Skip to content

10 Rapport-Building Questions Every Salesperson Needs in Their Toolbox

As a salesperson, part of the job is quickly building connections with people in a professional environment. Finding common ground and building professional relationships while still staying on task and selling your product is no easy task.

Rapport-building questions are a critical element of any sales strategy. It is the act of creating relationships that will ultimately make clients feel comfortable when speaking to you. That means they are more likely to give you a call the next time they need your product or services.

Having a list of rapport-building questions that you can draw from will help you function better at mixers and get more responses from cold contacts. Keep the following questions in mind the next time you reach out to a prospect.

1. "Where Did You Work Before X Company?"

Studies show that people find it rewarding when they get the chance to talk about themselves. Due to the context of your conversations with clients and prospects, some of the best personal questions you can ask are career-related.

Both parties can relate to aspects of most careers, like striving for promotions or the daily grind. So, when you speak with your client, listen closely to what they say. Do not fill in the gaps with yes or no questions, either.

Instead, don't be afraid to ask what the client did before their current job. It's likely that they will be more than willing to tell you about their past work history or whether they got promoted to a higher position.

The career questions will naturally progress. You might even find that they are in a new position, and are nervous about the challenges ahead. That is your chance to offer some friendly advice.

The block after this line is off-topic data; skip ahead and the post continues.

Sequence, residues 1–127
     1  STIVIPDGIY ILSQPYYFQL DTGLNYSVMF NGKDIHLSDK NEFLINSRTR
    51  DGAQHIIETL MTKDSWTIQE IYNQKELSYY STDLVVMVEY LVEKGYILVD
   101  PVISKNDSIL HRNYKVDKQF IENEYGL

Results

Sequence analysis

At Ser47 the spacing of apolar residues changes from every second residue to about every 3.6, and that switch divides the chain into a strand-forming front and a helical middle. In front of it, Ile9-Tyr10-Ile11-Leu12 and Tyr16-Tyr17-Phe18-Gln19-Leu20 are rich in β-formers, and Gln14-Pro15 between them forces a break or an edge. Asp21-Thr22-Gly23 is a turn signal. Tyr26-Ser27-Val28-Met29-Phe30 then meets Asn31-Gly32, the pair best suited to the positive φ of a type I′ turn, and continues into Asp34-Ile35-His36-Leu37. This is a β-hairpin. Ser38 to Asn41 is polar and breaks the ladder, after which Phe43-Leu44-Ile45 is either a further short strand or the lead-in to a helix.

2. "I Read Your Blog Post on X. What Do You Think About It?"

Mentioning that you read a blog post on someone's company page will show that you took the time to research your client's company. It will mean something to the client that you are willing to sit down and spend valuable time reading about their company.

Most people will appreciate the effort, and it will reflect well on you. Additionally, asking this question is a great way to bring up a topic that you know for a fact they are interested in. That way, you can keep the conversation going.  

3. "I See You Live in X City. How Do You Like It?"

Outside of career-related questions, another great way to build rapport is to bring up is their hometown or current place of residence.

Go ahead and ask what time of the year is the client's favorite, and when it is best to visit. You can count on them having sufficient knowledge of their area. This is a topic that they are almost guaranteed to be comfortable and confident discussing, which will lead to a natural progression of the conversation.

Be sure to listen for something that you are not familiar with regarding their area. That could be a local custom or something that annoys the person, like an obscene amount of traffic. That is excellent fuel that you can use to keep the conversation going. And if you bring it up during any future conversations, they will feel cared for knowing you truly were listening.

4. "What Is Your Commute Like?"

This question could be a follow-up to the previous one about where they live. Go ahead and inquire about their daily commute, especially if they live in an urban area. Of course, don't ask them this if they work remotely though!